The Bleriot Aeroplane

The Bleriot Aeroplane

The Bleriot XI

Louis Bleriot was the first aviator that in 1909 successfully crossed the English Channel. The aeroplane was his model XI adapted for the flight, with an extra fuel tank mounted aft of the cockpit and the tail gear locked and braced in fixed position. The engine was an Anzani 3-cylinder “fan-type”; air- cooled with a rating of 28 hp. The plane was slightly underpowered and the flight in the early morning hours was executed sometimes only a few feet above the wet surface.

This aeroplane became very popular all over Europe and was used by flying schools for basic training. More powerful engines were introduced and at the time of the outbreak of the hostilities in1914, one model was equipped with a Gnome Monsoupape 50 hp rotary engine. The centre of thrust-line was then moved up to the center of the fire wall.

As to the tail gear this was sometimes simplified to two crossed bows of bent rattan appropriately fastened to the rear fuselage. The elevator was first fitted as the outer sections of the stabilizer but later models as a separate stabilizer and elevator along the rear edge of the former. The plan form was also altered.

The wings had fixed front spar and the rear spars attached with a joint to the fuselage. The wings were rigged with 2.5 dihedral measured from the wing root. Wing warping was executed via a “double cloche;” the wires from the upper “cloche” were led through pulleys in the lover wire pylon out to the rear spar and the under side of the wing. The control was with a fixed wheel and could be moved forward – aft and left – right. The upper warping wires were run from the same positions on the upper side of the wings freely via pulleys on the upper wing support pylon.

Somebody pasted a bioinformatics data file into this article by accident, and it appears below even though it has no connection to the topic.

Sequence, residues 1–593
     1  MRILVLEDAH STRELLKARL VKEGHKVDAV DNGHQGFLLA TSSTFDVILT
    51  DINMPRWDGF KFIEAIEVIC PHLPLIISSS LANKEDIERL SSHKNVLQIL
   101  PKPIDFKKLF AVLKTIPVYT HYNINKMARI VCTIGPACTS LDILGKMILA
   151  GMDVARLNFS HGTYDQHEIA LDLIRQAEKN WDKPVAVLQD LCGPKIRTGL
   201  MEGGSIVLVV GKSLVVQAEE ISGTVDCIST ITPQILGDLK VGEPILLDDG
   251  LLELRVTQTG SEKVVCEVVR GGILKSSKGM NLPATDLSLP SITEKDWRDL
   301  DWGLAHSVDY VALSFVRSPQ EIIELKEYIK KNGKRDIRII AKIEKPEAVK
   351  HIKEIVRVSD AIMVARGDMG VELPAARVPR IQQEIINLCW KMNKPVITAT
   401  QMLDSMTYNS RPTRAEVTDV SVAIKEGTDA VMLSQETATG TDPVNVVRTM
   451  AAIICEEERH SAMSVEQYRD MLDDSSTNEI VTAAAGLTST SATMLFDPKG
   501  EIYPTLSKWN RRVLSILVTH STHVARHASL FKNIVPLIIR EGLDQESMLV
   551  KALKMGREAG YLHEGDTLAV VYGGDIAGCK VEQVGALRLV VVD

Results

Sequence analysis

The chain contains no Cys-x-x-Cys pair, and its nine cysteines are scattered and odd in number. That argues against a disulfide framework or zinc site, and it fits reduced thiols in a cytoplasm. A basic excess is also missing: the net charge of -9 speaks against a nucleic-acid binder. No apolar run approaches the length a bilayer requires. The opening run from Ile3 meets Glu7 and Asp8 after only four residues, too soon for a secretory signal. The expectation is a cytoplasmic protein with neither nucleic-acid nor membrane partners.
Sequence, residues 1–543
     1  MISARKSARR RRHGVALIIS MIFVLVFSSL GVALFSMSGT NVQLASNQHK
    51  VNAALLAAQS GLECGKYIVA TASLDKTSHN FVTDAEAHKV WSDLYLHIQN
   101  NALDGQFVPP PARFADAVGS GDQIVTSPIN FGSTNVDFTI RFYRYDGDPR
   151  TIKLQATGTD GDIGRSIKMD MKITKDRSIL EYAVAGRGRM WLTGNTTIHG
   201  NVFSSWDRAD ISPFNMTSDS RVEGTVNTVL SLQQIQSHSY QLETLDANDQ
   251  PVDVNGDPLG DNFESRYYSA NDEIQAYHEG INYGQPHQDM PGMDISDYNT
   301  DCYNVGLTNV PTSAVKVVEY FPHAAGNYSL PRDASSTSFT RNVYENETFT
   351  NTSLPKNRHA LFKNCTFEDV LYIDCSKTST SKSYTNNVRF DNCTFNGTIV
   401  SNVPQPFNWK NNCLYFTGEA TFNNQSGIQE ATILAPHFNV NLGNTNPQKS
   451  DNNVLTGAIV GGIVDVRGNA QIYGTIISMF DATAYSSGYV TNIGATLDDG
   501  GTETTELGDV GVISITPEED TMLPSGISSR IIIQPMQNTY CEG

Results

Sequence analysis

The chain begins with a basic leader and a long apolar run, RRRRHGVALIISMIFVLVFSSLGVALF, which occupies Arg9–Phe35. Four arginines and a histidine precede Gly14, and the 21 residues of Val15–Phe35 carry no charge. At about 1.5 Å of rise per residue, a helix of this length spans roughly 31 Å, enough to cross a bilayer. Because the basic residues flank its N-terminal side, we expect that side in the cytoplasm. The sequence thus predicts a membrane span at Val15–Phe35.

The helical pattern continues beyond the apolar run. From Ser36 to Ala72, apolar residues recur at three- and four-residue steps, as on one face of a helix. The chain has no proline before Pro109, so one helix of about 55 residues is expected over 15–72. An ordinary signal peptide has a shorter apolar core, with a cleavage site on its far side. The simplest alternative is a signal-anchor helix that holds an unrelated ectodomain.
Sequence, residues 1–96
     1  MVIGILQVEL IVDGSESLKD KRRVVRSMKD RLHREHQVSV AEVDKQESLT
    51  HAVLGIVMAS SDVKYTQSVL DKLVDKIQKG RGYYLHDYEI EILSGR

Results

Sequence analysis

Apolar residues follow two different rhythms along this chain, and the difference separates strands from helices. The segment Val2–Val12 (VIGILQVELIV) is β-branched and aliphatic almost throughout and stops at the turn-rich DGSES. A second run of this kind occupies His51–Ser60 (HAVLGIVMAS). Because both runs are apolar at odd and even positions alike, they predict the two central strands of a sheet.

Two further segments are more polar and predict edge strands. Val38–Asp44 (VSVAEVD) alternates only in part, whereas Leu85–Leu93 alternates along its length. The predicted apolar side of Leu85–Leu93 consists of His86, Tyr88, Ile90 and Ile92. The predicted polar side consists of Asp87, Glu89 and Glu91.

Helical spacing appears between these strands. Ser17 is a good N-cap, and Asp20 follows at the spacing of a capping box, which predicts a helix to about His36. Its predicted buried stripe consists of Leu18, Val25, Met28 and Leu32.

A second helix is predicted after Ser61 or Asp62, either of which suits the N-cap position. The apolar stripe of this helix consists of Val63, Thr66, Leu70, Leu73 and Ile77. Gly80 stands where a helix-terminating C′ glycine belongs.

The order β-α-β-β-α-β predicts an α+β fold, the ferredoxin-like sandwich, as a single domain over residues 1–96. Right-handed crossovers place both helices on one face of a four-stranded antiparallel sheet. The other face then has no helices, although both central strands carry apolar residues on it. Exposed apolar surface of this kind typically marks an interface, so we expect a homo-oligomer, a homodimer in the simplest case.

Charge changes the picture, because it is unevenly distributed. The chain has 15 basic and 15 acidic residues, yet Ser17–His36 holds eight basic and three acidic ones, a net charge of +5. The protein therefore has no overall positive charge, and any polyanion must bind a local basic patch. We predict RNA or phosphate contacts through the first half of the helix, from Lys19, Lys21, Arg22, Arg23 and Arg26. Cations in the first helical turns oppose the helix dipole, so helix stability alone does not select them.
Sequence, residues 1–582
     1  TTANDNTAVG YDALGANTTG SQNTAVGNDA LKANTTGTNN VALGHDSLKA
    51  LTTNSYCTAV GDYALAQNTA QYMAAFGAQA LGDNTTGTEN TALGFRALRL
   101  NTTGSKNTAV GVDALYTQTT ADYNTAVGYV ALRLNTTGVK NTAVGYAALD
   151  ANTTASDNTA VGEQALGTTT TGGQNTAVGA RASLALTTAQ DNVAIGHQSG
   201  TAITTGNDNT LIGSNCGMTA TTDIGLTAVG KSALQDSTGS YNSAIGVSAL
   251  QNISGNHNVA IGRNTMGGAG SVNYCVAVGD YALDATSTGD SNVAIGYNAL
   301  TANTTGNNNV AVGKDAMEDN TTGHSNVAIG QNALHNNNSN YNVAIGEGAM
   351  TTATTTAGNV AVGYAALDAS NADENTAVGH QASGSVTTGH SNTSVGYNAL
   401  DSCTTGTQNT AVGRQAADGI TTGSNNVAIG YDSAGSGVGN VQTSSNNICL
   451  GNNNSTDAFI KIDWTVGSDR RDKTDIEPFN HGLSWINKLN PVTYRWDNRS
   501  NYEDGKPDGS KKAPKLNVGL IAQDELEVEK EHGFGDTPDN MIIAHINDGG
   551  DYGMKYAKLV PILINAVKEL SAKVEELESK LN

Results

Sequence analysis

Elevator wires were run via guide pulley straight aft to the elevator horn, located in the centre line of the fuselage at the elevator main spar. Rudder control wires from the rudder bar to the rudder horn. The pilot was seated in a comfortable chair in the open cockpit frame and he had on his left side a throttle regulator and a magneto switch.

At the beginning of the war Louis Bleriot joined forces with the well known S.P.A.D airplane company and many of his designs were no- table developments of fighting aircrafts.

The Bleriot Aeroplane

The top photo shows Bleriot XI in the version 1912, registered S-12, with enlarged rudder plan form, stabilizer with elevator along the rear edge and a Gnome rotary engine of 50 hp. The second photo is a recent stamp of Harriet Quimby from USA celebrating pioneer pilots. The bottom photo shows Bleriot XI in two versions. To the left the original with tail wheel, outer elevator panels and a 3-cyl Anzani 28 hp engine. To the tight, the 1912 model with enlarged rudder plan form, stabilizer with elevator along the mar edge and a Gnome rotary engine of 50 hp. Note also the substitution of the stearable tail wheel with two crossed rattan bows. The latter model has also a turtle deck from the engine cowl to the cockpit, The upper wing support pylon is also reduced to a single inverted V These aeroplanes were registered in Sweden with numbers S-14 and S- 15 and owned by Baron Carl Cederstrdm. Sold to the Swedish Army Air force in 1913.